The media drumbeat of condemnation of the tariffs on steel and aluminum announced by President Trump on Tuesday continued over the weekend as world leaders publicly denounced the policy. Yet privately, many nations are moving to consider trade concessions that would exempt them from the U.S. tariffs. Canada and Mexico were temporarily exempted pending a NAFTA agreement and rumors over the weekend indicated Australia may be next to escape.
In signing the order last week, the President made it clear that if Canada and Mexico made concessions during the NFTA negotiations, they would be exempted from the tariffs. “Right now we are negotiating NAFTA with Canada and Mexico, so we are holding off the tariffs to see if we can make a deal on a new NAFTA treaty,” he stated. The president made it clear, however, that if a deal is not reached, the tariffs would be imposed, “If we terminate NAFTA because they are unable to make a deal that is fair for our workers, fair for our farmers, and fair for our manufacturers, then we will terminate NAFTA and start all over again.”
While that kind of talk makes agriculture very nervous, Mr. Trump said he is optimistic there will be a NAFTA deal, “I have a feeling we are going to make a deal on NAFTA.”
Canada has been particularly recalcitrant in making any concessions on its dairy policy, a key issue for the U.S. where dairy producers are suffering economically. The White House is hoping the threat of steel tariffs will help break the logjam in the talks. The talks had been scheduled to end this month, but all sides plan to keep working to try to reach an agreement no matter how long it takes.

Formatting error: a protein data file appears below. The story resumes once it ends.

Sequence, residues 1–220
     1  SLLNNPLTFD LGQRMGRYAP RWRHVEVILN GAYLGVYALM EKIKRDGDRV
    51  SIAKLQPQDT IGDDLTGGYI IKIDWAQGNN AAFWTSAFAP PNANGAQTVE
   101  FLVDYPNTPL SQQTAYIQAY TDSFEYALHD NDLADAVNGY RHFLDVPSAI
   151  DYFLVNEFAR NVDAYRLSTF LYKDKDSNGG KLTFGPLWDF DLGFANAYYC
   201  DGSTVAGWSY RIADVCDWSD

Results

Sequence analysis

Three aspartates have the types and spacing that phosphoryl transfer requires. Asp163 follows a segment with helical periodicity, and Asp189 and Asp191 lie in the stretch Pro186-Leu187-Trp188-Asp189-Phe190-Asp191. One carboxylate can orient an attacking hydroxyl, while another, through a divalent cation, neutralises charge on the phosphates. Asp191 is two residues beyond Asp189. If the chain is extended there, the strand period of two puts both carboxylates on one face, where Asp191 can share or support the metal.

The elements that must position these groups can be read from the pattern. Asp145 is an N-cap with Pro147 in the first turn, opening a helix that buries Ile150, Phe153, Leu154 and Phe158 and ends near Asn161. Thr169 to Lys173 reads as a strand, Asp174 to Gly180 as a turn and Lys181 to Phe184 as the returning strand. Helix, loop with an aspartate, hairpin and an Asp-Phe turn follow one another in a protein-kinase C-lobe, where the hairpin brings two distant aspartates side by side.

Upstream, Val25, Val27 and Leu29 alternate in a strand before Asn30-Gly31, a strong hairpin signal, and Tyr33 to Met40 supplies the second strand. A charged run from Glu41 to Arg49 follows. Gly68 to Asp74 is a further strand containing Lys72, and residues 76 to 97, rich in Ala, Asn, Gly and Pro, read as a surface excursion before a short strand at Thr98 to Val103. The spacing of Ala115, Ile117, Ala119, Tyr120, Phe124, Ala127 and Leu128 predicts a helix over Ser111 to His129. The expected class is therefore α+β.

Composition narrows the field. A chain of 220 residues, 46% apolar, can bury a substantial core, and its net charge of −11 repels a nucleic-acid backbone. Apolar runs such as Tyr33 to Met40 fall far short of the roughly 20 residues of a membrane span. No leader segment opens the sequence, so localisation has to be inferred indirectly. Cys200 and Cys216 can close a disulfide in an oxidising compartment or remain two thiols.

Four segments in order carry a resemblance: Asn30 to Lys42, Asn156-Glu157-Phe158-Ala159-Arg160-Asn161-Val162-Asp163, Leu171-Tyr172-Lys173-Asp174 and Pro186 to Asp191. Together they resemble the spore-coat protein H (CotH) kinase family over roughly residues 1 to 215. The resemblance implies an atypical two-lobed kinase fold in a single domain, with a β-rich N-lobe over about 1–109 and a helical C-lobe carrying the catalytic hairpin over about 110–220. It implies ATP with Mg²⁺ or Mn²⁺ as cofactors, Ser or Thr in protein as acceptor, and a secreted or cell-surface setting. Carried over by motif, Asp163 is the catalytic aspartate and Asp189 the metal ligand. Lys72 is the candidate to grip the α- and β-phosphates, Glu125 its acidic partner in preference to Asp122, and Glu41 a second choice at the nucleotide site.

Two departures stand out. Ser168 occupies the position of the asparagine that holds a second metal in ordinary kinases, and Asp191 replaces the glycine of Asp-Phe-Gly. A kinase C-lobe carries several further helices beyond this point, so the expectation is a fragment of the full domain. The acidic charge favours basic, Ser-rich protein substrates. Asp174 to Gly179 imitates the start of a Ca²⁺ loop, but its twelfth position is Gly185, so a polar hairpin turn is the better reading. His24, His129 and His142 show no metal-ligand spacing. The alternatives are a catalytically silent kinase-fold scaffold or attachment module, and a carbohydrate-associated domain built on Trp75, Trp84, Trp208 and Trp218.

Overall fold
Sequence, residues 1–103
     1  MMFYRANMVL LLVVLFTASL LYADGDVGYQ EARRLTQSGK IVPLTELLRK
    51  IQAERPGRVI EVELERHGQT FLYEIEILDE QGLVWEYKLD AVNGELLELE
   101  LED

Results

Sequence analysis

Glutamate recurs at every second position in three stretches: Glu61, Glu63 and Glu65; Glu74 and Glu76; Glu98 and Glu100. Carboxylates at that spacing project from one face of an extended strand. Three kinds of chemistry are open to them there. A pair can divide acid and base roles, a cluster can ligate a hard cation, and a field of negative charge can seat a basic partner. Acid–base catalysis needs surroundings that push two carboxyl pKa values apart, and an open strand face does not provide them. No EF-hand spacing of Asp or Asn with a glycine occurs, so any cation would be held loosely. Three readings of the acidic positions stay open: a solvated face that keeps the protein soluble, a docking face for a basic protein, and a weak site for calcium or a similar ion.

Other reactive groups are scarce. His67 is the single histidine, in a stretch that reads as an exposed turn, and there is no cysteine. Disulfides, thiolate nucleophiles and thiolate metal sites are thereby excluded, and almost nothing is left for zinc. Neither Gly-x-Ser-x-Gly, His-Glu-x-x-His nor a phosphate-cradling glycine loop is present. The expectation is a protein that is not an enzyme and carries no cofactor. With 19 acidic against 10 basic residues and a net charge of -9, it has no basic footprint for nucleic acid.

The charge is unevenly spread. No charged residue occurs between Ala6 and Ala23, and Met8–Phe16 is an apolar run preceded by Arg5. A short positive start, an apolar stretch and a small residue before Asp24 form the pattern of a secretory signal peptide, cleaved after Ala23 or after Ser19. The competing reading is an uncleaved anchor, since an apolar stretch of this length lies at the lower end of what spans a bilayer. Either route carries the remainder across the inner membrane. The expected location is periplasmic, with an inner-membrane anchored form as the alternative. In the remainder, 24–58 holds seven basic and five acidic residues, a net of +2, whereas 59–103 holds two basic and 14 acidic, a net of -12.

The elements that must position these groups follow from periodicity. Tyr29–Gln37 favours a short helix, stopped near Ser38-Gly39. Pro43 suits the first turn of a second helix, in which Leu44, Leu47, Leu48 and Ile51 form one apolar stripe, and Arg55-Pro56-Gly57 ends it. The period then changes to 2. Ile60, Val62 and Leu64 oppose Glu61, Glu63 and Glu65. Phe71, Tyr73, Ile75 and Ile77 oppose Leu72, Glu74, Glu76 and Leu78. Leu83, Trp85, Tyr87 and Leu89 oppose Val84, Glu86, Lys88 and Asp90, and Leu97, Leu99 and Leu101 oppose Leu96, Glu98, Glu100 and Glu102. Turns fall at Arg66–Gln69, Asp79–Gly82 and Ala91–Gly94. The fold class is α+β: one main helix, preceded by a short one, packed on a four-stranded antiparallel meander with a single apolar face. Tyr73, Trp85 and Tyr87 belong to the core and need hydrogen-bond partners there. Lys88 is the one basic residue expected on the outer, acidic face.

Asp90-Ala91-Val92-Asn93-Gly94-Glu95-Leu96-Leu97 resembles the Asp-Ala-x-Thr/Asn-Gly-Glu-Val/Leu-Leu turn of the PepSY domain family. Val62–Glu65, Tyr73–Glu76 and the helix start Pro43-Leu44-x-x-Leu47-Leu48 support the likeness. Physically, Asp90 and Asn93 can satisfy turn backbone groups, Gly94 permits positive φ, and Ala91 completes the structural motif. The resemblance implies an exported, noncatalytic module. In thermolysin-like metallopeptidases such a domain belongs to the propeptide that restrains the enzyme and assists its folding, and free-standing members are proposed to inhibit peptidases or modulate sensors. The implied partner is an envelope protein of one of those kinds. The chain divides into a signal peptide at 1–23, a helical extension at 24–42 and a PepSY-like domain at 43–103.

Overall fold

In seeking to win a respite from the tariffs, American allies tried a mix of persuasion, threats, personal appeals, and diplomatic leverage. On Saturday, Cecilia Malmström, the European Union’s trade commissioner, met with the United States trade representative, Robert Lighthizer, in Brussels, after a meeting that also included Japan to talk about steel overcapacity. There was no resolution of the tariffs issue, however. European Union countries have been compiling a list of American products that could be subject to reciprocal levies. The provisional list correlated strongly with Republican congressional districts and included Harley-Davidson motorcycles, bourbon, rice, kidney beans, sweet corn, tobacco, and peanut butter. Brigitte Zypries, the German economics minister, wrote in a letter to Wilbur Ross, the United States commerce secretary, that Europe and America should work together to address the real problem: a global glut of steel production that has driven down prices.
Still, there were signs that attempts by some countries to win tariff immunity from the United States were sowing tension among European allies.
Liam Fox, Britain’s international trade secretary, told the BBC on Friday he would “be looking to see how we can maximize the U.K.’s case for exemption” when he visits Washington next week. The suggestion that Britain might go its own way provoked a rebuke from Jyrki Katainen, European Union vice president for jobs and competitiveness. “We cannot accept that the E.U. is divided to different categories,” Mr. Katainen said
Chinese leaders, while denouncing the tariffs, have said a trade war with the U.S. is not good for either side. Chinese commerce minister Zhong Shan said, “There are no winners in a trade war. It will only bring disaster to China and the United States and the world.” He added, China can handle any challenges and will resolutely protect its interests.